Plumbing and Drainage Bill 2018 3 The establishment of a new mechanical services licence will protect the general community who live and work in urbanised areas from the risk of exposure to harm that can arise form complex heating, cooling and air-conditioning systems found on large buildings, such as residential apartment blocks, commercial retail centres, modern office buildings, hospitals and other clinical centres and recreational establishments, such as an aquarium.

Achievement of policy objectives The Bill achieves the policy objectives by: • repealing the Plumbing and Drainage Act 2002 and replacing it with a new Act that establishes the framework for a contemporary, streamlined and flexible legislative scheme for plumbing and drainage, is drafted in accordance with contemporary, plain English drafting practices, and is structured in a logical way; • allowing for the prohibition of WaterMark products by regulation, which will be products that are considered to be unsuitable or unsafe despite their WaterMark certification; • establishing a contemporary and consistent penalty framework for offences.

The framework is intended to ensure public health and the environment are protected, and greater consistency across the statute book is achieved in relation to penalties. To achieve this consistency, the maximum penalties for offences under the new Act have been aligned with those that apply for similar offences under Queensland’s building laws; • providing for the making of a new regulation that will consolidate and streamline the existing regulatory framework; • providing for a new, contemporary plumbing code to be made. The code will include technical requirements that were previously set out in the Queensland Plumbing and Wastewater Code, the Plumbing and Drainage Act 2002 and the Standard Plumbing and Drainage Regulation 2003.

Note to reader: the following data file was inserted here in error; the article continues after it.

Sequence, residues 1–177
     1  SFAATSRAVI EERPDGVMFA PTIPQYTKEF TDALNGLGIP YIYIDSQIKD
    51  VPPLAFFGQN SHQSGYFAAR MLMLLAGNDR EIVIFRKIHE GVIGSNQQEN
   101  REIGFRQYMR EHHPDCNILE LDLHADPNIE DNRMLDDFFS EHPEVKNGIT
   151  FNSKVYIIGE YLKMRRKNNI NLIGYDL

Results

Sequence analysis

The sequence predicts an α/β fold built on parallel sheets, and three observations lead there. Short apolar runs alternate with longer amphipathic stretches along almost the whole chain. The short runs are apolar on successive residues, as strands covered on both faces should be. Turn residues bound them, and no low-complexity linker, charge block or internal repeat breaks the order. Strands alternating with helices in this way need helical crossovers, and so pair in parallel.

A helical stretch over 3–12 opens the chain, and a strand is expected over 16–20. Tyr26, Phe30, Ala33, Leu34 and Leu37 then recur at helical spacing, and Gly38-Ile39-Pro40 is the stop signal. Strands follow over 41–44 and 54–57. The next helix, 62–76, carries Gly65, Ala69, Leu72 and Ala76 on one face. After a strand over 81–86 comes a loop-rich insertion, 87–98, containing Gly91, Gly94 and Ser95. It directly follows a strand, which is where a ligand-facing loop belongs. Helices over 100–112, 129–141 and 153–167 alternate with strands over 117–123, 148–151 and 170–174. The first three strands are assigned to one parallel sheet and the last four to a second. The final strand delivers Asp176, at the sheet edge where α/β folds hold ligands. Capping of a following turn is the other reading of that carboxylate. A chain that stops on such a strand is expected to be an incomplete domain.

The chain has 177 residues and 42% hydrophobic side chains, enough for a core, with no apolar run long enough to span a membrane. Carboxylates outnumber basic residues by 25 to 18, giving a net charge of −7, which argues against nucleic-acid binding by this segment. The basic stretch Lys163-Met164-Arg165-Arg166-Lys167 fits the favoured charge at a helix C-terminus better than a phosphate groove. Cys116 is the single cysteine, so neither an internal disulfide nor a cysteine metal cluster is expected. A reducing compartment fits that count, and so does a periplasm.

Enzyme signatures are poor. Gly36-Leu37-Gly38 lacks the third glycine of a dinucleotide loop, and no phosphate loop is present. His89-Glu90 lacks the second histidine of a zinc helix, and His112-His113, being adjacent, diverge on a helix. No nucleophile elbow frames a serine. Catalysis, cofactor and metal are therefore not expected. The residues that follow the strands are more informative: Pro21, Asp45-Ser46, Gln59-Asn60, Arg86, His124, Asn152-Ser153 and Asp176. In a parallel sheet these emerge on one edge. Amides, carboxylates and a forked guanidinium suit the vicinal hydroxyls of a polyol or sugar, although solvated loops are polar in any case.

The new code will vary and complement national plumbing standards and ensure that all of Queensland’s technical requirements are set out in a single document; • establishing a new mechanical services occupation licence, expanding the scope of work regulated through contractor licence classes and providing for a regulation to divide the mechanical services occupational licences into classes. Alternative ways of achieving policy objectives There are no alternative ways of achieving the objectives of theBill. Estimated cost for government implementation State government Any administrative costs that may be incurred by the State Government in